SWING SHIFT (director: Jonathan Demme; screenwriter: Rob Morton; cinematographer: Tak Fujimoto; editor: Craig McKay; music: Patrick Williams; cast: Goldie Hawn (Kay Walsh), Ed Harris (Jack Walsh), Kurt Russell (Lucky Lockhart), Christine Lahti (Hazel), Holly Hunter (Jeannie), Fred Ward (Biscuits), Charles Napier (Moon Willens); Runtime: 105; MPAA Rating: PG; producer: Jerry Bick; Warner Brothers; 1984)
“The conventional period romantic drama has good details of the period and some fine dramatic moments, that at least kept it from being a bomb.”
Reviewed by Dennis Schwartz
The film gets over despite problems with the two stars (Goldie & Kurt, who fell in love during the filming and wanted the film to center on their illicit affair rather than on her friendship with her neighbor Lahti). Goldie, a big star at this time, clashed with director Jonathan Demme(“Silence of the Lambs”/”Swimming to Cambodia”/”Married to the Mob”) and forced upon him several script re-writes. Yet the film remains charming. The conventional period romantic drama has good details of the period and some fine dramatic moments, that at least kept it from being a bomb. The credited writer is Rob Morton, a pseudonym for Nancy Dowd.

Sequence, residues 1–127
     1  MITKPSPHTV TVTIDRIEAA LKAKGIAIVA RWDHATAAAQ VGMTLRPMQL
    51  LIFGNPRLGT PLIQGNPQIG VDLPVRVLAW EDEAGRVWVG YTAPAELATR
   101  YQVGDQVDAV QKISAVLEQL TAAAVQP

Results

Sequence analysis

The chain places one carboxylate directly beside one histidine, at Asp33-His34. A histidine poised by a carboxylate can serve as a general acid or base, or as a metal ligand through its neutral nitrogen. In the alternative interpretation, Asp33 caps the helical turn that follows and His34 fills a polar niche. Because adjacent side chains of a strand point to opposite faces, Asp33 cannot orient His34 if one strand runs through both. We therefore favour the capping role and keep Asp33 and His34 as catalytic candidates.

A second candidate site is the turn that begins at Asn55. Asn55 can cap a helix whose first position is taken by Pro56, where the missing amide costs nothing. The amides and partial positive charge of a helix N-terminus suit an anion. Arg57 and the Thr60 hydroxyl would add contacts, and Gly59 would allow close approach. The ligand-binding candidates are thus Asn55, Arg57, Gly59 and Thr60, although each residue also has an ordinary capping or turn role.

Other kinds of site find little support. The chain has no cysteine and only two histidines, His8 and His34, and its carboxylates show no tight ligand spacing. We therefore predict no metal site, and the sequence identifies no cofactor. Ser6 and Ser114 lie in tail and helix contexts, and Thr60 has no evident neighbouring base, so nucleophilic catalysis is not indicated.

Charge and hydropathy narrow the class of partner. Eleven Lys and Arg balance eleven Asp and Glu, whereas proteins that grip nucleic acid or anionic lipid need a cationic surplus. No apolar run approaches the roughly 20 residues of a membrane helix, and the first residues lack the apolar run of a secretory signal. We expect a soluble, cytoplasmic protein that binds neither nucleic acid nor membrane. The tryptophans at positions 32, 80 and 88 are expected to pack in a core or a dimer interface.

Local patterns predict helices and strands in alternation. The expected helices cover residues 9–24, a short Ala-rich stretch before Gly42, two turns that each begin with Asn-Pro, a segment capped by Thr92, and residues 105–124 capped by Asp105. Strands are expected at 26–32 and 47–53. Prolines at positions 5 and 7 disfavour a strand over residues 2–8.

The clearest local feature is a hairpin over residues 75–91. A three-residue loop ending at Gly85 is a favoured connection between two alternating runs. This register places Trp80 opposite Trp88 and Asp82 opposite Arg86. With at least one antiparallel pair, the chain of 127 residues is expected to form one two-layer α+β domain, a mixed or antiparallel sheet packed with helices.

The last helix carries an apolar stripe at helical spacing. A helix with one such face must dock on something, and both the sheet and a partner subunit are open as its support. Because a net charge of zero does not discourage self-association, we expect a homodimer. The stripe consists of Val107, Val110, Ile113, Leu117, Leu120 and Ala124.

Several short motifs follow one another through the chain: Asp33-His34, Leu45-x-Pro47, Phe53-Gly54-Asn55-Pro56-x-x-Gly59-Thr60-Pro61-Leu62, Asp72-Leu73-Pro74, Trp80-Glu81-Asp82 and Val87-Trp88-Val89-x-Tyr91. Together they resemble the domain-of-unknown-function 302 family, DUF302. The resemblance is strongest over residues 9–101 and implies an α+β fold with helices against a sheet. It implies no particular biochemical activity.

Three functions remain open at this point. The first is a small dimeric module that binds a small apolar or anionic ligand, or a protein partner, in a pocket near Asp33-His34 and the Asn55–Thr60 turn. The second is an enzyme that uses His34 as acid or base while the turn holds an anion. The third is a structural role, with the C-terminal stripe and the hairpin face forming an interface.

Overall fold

When Pearl Harbor is attacked, Santa Monica, California, married cottage resident Jack Walsh (Ed Harris) enlists in the Navy. His homemaker wife Kay (Goldie Hawn) gets a riveter job on the swing shift (midnight) at the McBride airplane factory, just outside the city. Kay’s jazz trumpeter foreman, Lucky Lockhart (Kurt Russell), a 4-F because of a weak heart, keeps asking her out until she says yes. Kay’s single singer cottage neighbor and co-worker on the swing shift, Hazel (Christine Lahti ), pals around with both during these war years. In the end she takes nice guy Lucky away from Kay, just in the nick of time, as Jack returns from the war to resume his happy marriage.
After the re-writes, the film’s message of women finding friendship and professional gratification at the work-place is overshadowed by the wartime romance–which proves you can love more than one guy. Lahti was nominated for an Oscar as Best Supporting Actress.
REVIEWED ON 2/27/2016 GRADE: B-
Dennis Schwartz: “Ozus’ World Movie Reviews”
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